Instant Karma’s Gonna Get You

Nightmare Cafe?

Nightmare Cafe?

In my email this morning were these words from the WordPress Daily Prompt ( Let’s pretend that science has proven that karma is real. Your words and actions will influence what happens to you in the future. How (if at all) will you change your ways?

Wow, talk about a wake-up call before a gal has had her morning coffee. The question intrigued me.

I see karma as a double-edged sword.

For example, don’t we all want to believe the other guy is gonna get his? You know who I’m talking about… the guy who cuts you off in traffic and then goes sailing by with nary a cop in sight; the co-worker who takes credit for your brainy idea and reaps mega praise from the boss; the fellow who seems like Mr. Right until you discover he has a hidden Mrs. Right that he’s neglected to tell you about.

Remember the Avon Lady from the 1960s? She’d ring door bells with the catchphrase, “Avon Calling!” That is pretty much the way I see Lady Karma. I visualize a substantial woman who looks very much like the late Nell Carter storming up to some loser’s door and ringing the door bell. I can hear her now: “Hey, chump! Lady Karma is waiting out here for you, ready to whip your sad ass back into cosmic shape! You ready for a little karmic justice, chump?” Just at that point, lightning flashes and small animals seek shelter.

But the world is set right again. Ah, how satisfying a thought. I sure hope I’m there to see these guys get what’s coming to them.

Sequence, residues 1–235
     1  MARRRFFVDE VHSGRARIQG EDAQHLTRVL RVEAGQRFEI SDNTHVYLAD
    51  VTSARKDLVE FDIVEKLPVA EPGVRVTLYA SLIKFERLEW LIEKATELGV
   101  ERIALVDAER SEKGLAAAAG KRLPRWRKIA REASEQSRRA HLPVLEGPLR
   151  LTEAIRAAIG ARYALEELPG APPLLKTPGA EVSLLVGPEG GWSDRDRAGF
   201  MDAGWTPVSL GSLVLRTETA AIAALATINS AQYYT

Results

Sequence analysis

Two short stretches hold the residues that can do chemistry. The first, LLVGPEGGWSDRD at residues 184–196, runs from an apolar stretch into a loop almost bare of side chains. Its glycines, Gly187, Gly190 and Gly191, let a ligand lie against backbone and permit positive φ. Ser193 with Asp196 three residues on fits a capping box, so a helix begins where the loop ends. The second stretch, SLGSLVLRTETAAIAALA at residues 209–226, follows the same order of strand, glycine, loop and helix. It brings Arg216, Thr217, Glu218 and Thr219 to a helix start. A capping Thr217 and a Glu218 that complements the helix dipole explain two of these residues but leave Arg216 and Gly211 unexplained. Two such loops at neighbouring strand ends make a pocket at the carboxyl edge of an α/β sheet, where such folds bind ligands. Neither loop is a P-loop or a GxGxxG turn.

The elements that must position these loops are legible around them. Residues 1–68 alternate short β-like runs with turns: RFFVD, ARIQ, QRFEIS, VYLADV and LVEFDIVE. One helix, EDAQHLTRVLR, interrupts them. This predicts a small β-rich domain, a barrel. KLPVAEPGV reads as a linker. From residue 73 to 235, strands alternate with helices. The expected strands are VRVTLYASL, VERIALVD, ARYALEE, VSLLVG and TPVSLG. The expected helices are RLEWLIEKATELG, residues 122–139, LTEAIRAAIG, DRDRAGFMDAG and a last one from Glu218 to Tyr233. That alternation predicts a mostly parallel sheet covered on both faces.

A little java with my karma...

A little java with my karma…

Yeah, we all love the concept of karma.

Until it applies to us.

Yeah, that’s right, you heard me. US.

We like to talk about karma, but when you get right down to it, none of us believes we, personally, are really deserving of retribution. Human beings are great at self-deception. We’re only too eager to ascribe to others bad motives and cruel intentions. But when it comes to us, we’re cosmically blind. It’s just good old human nature to justify our own behavior as logical and reasonable. We can always find a rationale for the hurt and unhappiness we inflict.

I suspect if science were to tell us that karma was a scientific fact, very few of us would change our bad ass ways. We know smoking cigarettes will kill us – that doesn’t stop some of us from lighting up. Getting rip roaring drunk and engaging in knock-down fights isn’t the brightest of ideas, but for some folks that is a Saturday night pastime.

We like to think we’re creatures capable of reason, but are we? Look at the mess the world is in; you can’t help but wonder why we continue to wage wars that we know will ultimately lead to our own destruction. Yet we seem unwilling to take action to save ourselves from going over the cliff.